Beth said: “Coronary heart disease is the country’s most common cause of death, causing around 82,000 deaths each year.  There are an estimated 2.7 million people living with the condition and 2 million people affected by angina, the most common symptom of coronary heart disease, a and the risk of getting heart disease increases as you get older.

Members of the public who attend the seminar will be able to get expert advice and tips on what preventative measures can be taken and what symptoms to look out for, as well as what treatment options are available.

The event is taking place at Good Hope Hospital on Thursday 2 May in the Hospital’s education centre from 5pm.  To book your place or to find out details of the Hospital’s future health seminars, contact Sandra White on 0121 424 1218 or email:

With diabetes being the one of the leading causes of blindness in the UK, locals are invited to attend a free health talk to learn about diabetic eye disease and what happens during an eye screening appointment.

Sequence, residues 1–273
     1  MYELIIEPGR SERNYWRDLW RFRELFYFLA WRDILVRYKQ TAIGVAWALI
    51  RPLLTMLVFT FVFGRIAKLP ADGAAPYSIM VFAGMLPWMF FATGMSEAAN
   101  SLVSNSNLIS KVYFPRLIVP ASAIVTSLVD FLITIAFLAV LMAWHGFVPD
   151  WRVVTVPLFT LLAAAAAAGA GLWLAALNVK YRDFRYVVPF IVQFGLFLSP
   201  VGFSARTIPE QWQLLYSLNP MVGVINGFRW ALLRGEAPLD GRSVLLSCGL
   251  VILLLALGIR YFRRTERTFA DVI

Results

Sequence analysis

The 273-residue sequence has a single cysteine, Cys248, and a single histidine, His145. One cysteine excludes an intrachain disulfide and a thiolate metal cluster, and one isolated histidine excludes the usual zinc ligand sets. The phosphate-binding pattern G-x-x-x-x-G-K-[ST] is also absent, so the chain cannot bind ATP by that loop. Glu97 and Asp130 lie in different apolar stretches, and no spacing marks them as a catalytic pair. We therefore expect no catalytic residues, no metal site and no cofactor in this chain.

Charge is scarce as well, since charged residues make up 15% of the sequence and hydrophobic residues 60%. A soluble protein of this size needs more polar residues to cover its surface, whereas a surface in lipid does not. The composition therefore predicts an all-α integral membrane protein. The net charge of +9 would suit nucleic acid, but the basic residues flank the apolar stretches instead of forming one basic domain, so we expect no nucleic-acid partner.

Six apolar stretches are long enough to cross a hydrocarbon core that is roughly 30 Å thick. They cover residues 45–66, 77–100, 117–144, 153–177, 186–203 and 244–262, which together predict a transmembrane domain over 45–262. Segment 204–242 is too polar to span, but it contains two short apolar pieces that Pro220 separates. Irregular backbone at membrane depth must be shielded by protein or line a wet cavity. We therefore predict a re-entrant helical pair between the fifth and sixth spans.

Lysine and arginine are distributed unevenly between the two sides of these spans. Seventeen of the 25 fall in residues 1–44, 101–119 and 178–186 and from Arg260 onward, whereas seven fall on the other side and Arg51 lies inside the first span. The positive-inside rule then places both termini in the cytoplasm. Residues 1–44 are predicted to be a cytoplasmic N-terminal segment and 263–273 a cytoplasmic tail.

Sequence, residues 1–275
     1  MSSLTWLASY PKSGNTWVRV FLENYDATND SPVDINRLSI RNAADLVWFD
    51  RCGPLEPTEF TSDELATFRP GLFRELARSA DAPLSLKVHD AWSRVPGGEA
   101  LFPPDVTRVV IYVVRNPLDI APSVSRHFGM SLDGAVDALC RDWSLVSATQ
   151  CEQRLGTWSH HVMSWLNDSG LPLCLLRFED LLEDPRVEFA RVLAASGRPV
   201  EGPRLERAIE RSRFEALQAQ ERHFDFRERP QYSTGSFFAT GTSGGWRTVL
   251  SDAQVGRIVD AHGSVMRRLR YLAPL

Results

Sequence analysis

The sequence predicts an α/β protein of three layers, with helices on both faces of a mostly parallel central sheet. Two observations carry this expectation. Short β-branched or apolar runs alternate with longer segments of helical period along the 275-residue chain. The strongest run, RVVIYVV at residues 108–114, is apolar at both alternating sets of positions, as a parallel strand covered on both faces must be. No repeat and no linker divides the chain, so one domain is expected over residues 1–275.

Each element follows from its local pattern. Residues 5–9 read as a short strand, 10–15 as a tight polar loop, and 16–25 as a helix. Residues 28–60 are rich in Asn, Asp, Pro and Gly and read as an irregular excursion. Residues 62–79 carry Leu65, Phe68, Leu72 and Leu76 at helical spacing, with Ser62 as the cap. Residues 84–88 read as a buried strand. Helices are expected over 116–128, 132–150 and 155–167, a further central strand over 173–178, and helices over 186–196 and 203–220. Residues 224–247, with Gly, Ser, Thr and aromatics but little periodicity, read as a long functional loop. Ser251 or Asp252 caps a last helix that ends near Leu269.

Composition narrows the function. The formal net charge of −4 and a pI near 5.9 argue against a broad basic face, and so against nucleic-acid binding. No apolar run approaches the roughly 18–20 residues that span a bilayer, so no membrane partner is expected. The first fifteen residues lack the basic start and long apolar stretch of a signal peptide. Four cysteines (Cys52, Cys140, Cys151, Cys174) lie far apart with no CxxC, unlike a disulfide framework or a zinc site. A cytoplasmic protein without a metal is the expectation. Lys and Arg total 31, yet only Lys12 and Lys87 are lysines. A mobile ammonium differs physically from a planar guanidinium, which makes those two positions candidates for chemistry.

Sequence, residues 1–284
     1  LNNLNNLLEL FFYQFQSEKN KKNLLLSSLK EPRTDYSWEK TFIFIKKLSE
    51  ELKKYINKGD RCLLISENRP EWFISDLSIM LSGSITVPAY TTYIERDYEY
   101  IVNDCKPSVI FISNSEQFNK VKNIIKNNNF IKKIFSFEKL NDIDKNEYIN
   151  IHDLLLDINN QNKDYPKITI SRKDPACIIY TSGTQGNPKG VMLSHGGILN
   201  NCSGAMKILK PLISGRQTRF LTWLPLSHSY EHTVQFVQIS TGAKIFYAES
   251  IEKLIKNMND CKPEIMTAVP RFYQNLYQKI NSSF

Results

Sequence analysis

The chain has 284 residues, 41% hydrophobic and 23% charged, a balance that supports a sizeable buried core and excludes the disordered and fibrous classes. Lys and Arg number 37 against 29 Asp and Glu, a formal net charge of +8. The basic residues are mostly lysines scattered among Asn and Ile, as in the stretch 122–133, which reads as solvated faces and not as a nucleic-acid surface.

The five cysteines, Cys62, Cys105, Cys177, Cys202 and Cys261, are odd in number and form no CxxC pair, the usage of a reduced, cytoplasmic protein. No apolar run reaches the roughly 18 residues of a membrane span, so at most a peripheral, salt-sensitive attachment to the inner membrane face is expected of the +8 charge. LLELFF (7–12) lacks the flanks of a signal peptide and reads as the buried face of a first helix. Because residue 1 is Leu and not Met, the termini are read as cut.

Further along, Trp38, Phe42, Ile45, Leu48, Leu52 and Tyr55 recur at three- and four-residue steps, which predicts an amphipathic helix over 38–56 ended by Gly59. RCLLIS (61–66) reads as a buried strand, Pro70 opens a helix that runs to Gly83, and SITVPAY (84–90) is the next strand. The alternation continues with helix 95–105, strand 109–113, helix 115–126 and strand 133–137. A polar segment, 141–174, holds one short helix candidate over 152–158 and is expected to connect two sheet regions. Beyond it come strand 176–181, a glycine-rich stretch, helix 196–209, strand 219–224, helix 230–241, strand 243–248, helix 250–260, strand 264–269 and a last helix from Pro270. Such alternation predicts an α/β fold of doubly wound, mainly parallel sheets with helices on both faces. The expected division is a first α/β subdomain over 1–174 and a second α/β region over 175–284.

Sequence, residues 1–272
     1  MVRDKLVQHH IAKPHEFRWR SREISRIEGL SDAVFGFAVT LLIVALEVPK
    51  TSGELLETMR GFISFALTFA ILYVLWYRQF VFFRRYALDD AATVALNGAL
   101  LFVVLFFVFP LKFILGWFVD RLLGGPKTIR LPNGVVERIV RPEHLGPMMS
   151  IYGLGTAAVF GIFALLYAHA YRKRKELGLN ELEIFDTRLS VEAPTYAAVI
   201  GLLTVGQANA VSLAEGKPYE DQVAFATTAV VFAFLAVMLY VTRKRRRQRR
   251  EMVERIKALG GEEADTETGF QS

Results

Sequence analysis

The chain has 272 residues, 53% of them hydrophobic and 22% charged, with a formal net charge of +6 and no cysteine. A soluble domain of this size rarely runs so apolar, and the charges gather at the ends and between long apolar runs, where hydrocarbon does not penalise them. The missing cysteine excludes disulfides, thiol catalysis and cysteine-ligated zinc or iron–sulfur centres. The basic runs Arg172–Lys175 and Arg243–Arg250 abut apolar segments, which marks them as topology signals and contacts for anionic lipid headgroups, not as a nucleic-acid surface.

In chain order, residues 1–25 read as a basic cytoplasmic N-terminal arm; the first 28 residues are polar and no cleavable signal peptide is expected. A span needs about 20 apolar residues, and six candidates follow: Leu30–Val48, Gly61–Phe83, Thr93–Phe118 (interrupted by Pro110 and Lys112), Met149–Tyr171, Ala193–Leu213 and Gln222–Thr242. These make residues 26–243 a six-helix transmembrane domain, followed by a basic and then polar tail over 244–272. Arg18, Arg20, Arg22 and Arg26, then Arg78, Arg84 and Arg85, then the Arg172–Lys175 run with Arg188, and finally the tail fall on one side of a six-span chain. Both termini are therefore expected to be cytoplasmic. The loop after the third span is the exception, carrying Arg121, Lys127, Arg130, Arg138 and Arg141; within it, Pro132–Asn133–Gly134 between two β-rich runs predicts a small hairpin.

Birmingham Heartlands Hospital’s clinical lead for diabetic retinopathy screening, Dr Margaret Clarke and her team will be hosting the event on 30 April and offering information and advice about the eye disease and answering all of your questions.

Dr Clarke explains: “The diabetes eye screening programme has approximately 121,000 eligible patients on the database and we screen just over 90,000 (75 percent) across Birmingham, Solihull and the Black Country.  By having regular screens, early diabetic eye changes can be detected, aiding swift diagnosis and timely treatment where appropriate. This is when treatment is most successful. Unfortunately one in four diabetes patients in the region do not have these vital screenings.  

“I would encourage anyone interested in finding out more about diabetic eye disease and the screening process to attend this seminar.”

A patient who has been through the screening programme at the Hospital will also answer questions from the audience giving their perspective of the screening journey.